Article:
AAPCHO Joins More than Two Thousand to Rally in Support of Immigrant Rights at Supreme Court

April 18, 2016
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Beverly Quintana
Director of Development and Public Affairs
(510) 272-9536

WASHINGTON – The Association of Asian Pacific Community Health Organizations (AAPCHO) joined immigrant families and their supporters, including elected officials and legal experts, at a rally for immigrant rights on the steps of the U.S. Supreme Court today. The Supreme Court began hearing oral arguments in United States v. Texas, a case that will determine the expansion of the Deferred Action for Childhood Arrivals (DACA) and the establishment of the Deferred Action for Parents of Americans and Lawful Permanent Residents (DAPA) programs. The new and expanded programs could benefit five million undocumented immigrants, including nearly half a million Asian Americans.

AAPCHO and its members continue to support President Obama’s executive actions to expand DACA and establish DAPA, and urge the Supreme Court to lift the injunction currently placed on these programs. Under expanded DACA and the new DAPA programs, eligible immigrants can apply for protection from deportation and a work permit.

“Asian American, Pacific Islander, and all communities at large would benefit from these two initiatives,” said Jeffrey Caballero, executive director of AAPCHO. “These programs would help grow our economy, create jobs and most importantly—would help to keep millions of families united.”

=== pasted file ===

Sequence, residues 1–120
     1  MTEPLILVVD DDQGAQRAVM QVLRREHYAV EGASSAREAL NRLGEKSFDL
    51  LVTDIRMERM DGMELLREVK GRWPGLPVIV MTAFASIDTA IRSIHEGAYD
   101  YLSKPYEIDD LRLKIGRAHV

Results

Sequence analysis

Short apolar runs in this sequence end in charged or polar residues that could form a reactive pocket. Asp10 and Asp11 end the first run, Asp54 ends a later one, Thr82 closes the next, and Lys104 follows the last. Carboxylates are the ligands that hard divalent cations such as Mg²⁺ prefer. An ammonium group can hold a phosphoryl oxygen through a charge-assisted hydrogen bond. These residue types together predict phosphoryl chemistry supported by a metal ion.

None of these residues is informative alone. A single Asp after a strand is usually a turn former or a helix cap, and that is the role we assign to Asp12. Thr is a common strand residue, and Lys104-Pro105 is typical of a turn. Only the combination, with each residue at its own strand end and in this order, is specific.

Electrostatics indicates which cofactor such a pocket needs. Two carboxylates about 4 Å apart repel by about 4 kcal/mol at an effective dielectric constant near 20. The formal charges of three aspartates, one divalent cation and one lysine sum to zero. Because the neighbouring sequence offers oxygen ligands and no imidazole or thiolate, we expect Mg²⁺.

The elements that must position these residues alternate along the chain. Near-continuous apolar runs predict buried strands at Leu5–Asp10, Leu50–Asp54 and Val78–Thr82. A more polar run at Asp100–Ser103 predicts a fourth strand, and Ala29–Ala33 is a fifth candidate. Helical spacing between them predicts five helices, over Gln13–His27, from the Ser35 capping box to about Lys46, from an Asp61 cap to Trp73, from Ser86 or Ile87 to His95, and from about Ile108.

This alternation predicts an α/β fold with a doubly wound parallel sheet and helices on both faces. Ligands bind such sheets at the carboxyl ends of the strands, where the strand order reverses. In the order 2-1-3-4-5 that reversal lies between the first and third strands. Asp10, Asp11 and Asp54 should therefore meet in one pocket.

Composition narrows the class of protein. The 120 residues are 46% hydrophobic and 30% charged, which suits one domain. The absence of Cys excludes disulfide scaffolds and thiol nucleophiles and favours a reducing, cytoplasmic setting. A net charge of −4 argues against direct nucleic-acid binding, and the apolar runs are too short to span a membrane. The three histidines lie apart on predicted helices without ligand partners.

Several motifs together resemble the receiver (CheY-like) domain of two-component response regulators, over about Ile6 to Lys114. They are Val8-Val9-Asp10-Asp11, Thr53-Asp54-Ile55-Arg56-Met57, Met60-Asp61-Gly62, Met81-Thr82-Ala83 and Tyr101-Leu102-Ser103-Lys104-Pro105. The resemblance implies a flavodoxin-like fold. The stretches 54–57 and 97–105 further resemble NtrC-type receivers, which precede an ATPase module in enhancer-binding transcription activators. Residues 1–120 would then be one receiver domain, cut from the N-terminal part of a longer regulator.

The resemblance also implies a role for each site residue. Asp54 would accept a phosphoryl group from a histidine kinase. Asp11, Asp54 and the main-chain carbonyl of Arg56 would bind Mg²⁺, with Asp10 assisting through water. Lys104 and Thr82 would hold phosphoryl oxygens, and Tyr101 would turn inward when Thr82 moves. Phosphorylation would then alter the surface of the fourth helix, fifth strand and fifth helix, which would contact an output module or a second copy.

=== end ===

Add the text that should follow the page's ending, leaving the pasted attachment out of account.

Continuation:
AAPCHO, with its member community health centers, have long advocated for these and other programs to improve the health status and access of Asian Americans, Native Hawaiians and Pacific Islanders. Health centers serve these and other communities with families who are among those at risk of being separated, and who are prevented from participating and contributing more fully in their communities due to the broken U.S. immigration system.

President Obama announced DAPA and expanded DACA on November 2014. Soon after, Texas and 25 other states filed a lawsuit challenging these actions and in February 2015, a federal district court in Texas put these initiatives on hold. The Administration’s appeal has travelled from the U.S. Court of Appeals for the Fifth Circuit in November 2015, to the Supreme Court, who agreed to hear the case this past January.

AAPCHO joined an amicus brief and were among a diverse coalition of over 300 civil rights and immigration groups in support of the President’s actions, urging the Supreme Court to allow the programs to move forward. To learn more about those who would be impacted by this Supreme Court case, visit

AAPCHO is a national association of 35 community health organizations dedicated to promoting advocacy, collaboration and leadership that improves the health status and access of Asian Americans, Native Hawaiians and other Pacific Islanders in the United States. For more information on AAPCHO, please visit

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Beverly Quintana
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Kristine Cecile Alarcon
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